I have heard in the past that this type of emblem was used only on Canadian built SS427s, and indeed the blue car with the red 427 emblem was a Canadian car. Of the three, I personally think the foil "SS427" emblem is the most unique and distinguishing. Chevrolet should have stuck with that emblem exclusively for SS427!
Also of interest to the 1968 SS427 is the correct color of the Chevrolet emblem installed on the front header panel, just above the grille. Currently there are two such emblems being reproduced, one being blue and the other one red. Until recently, it was always my belief that only the blue Chevrolet emblem had ever made it into production, and never the red one. That may still very well be the case, as every legitimate 1968 SS427 I have ever seen has had the blue emblem, regardless of production date or variant of the 427 engine installed. All of the Chevrolet publications of that era show the SS427 with the blue emblem in this area, and every owner I have talked to whose SS427 has the red emblem has admittedly replaced the blue emblem because the red one simply looks better on dark paint.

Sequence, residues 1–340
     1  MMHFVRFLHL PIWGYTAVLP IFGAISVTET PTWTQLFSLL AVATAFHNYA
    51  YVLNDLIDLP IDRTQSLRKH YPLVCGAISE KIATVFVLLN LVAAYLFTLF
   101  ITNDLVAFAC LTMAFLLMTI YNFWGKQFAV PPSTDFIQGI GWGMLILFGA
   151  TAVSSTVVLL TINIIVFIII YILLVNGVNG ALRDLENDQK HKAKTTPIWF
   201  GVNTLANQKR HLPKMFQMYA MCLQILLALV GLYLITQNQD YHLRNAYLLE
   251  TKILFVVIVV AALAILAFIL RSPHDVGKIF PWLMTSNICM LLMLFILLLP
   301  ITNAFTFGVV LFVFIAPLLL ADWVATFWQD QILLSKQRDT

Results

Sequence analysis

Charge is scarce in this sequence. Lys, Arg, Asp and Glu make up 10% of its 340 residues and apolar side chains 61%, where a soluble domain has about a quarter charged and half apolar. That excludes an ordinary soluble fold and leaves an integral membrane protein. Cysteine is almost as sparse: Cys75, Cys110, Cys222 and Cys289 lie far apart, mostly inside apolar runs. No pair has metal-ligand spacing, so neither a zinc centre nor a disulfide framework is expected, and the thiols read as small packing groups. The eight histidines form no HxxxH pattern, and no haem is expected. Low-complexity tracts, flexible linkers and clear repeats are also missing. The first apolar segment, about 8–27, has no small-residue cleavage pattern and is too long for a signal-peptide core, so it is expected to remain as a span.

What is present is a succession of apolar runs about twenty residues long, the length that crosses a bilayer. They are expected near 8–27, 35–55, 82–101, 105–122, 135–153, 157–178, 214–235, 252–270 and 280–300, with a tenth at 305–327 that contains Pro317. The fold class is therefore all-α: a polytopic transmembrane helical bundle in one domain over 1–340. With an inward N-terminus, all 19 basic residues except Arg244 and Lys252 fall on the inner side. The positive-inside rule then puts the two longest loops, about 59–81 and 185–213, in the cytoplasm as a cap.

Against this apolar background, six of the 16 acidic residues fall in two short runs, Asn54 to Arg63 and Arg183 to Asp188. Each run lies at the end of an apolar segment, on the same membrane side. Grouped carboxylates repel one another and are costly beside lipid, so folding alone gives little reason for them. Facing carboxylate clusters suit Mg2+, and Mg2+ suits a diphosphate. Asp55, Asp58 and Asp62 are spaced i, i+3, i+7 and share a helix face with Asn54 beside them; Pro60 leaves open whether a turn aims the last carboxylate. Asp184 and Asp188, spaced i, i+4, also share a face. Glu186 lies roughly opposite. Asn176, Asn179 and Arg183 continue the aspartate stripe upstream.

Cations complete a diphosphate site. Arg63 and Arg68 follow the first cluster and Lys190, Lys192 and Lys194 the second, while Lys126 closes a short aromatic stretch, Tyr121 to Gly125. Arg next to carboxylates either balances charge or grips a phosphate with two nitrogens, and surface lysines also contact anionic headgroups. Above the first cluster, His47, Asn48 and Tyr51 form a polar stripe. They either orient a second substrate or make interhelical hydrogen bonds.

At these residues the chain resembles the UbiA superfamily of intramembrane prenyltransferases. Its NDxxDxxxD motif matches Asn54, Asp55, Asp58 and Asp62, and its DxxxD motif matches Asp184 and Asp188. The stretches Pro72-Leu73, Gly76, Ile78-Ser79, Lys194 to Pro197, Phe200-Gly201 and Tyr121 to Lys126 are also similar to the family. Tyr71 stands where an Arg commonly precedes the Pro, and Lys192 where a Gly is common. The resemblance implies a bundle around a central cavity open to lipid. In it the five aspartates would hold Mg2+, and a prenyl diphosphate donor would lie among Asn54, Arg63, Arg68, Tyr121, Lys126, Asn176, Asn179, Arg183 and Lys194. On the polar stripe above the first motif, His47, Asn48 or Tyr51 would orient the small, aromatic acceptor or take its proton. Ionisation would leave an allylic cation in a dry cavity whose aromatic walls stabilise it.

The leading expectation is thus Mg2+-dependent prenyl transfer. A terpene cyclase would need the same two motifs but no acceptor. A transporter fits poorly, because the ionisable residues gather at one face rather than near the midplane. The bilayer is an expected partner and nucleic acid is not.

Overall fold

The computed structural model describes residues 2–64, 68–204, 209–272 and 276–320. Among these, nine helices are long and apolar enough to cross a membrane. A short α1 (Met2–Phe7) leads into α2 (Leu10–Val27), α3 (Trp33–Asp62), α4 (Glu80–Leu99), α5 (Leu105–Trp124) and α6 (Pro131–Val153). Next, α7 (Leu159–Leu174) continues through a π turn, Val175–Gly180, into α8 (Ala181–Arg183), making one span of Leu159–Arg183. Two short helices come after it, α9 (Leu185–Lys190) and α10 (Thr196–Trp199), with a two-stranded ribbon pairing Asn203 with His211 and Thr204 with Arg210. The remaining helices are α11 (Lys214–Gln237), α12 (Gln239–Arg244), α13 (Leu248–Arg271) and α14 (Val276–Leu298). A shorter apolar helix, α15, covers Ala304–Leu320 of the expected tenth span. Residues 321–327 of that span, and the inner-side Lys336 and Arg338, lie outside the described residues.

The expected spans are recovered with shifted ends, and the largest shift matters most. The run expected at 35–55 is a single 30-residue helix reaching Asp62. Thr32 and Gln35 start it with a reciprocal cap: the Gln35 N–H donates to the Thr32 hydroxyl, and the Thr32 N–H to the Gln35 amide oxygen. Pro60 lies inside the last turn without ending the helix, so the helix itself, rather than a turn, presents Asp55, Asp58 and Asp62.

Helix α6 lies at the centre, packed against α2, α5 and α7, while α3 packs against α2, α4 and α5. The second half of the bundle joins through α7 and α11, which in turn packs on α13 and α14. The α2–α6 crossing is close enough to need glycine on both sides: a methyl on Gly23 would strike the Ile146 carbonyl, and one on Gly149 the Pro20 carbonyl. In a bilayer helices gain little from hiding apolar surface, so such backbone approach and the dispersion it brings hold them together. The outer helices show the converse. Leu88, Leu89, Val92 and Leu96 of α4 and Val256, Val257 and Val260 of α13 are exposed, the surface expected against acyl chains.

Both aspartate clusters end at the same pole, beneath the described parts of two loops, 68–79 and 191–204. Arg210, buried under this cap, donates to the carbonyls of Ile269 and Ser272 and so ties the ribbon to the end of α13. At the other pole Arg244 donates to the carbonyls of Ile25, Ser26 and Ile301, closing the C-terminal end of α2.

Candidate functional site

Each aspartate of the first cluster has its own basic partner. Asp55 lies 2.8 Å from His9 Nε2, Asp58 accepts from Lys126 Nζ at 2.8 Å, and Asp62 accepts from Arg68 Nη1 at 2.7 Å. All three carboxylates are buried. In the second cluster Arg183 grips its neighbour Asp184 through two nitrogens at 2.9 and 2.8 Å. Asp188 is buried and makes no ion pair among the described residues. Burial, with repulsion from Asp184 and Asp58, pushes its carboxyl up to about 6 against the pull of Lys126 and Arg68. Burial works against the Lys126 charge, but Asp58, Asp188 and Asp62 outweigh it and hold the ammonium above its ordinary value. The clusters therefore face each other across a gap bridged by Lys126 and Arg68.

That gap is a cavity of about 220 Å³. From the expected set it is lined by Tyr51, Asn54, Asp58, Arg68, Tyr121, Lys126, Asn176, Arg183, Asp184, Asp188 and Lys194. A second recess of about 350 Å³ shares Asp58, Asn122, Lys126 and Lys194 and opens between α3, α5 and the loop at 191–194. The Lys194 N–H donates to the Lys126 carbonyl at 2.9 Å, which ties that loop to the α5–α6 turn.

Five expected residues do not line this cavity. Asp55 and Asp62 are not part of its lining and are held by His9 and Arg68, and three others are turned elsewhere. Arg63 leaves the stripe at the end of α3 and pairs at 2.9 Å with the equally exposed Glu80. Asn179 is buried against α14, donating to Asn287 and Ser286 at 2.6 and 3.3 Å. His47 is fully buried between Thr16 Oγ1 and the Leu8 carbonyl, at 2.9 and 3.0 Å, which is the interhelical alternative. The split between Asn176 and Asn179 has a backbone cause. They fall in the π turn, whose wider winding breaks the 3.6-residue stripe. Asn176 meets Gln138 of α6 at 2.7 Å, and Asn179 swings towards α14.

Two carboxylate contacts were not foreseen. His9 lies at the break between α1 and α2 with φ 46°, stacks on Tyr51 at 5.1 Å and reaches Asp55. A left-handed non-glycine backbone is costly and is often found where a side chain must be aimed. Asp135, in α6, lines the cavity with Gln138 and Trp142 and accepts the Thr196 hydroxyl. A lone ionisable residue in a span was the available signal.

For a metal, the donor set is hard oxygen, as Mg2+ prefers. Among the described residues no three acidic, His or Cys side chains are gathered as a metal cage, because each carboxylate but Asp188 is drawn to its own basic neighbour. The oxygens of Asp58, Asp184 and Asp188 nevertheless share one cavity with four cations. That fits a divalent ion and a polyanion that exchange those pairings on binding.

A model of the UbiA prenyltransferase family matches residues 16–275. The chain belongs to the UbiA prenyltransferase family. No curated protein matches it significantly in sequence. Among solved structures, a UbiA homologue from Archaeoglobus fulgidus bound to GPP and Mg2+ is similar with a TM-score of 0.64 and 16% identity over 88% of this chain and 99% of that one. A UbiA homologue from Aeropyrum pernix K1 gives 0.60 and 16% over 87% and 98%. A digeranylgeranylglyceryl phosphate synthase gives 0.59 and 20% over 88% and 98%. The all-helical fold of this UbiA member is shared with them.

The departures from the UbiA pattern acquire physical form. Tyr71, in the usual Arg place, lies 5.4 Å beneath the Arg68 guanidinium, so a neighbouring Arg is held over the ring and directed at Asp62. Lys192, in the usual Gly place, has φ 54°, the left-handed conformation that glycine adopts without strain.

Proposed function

However, pictured above and in the center is an image taken from a quick reference parts catalog from early in the 1968 production year. It shows that there were two separate emblems with different part numbers in the works, one being SS427 only. It certainly is possible then that several early 1968 SS427 Impalas were built with this red emblem from the factory. When it became clear that this red emblem was a low production item, it may very well have been cut from the list of parts and the blue emblem then used exclusively on all the big Chevys. It is anybody's guess, but this information does support the fact there there was at one point plans to use a separate red header emblem for the SS427.